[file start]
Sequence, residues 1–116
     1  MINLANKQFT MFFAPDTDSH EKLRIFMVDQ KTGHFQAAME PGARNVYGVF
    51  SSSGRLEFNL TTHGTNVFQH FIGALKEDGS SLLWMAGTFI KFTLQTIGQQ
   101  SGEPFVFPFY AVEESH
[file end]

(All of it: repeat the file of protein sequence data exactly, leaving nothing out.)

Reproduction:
Sequence, residues 1–116
     1  MINLANKQFT MFFAPDTDSH EKLRIFMVDQ KTGHFQAAME PGARNVYGVF
    51  SSSGRLEFNL TTHGTNVFQH FIGALKEDGS SLLWMAGTFI KFTLQTIGQQ
   101  SGEPFVFPFY AVEESH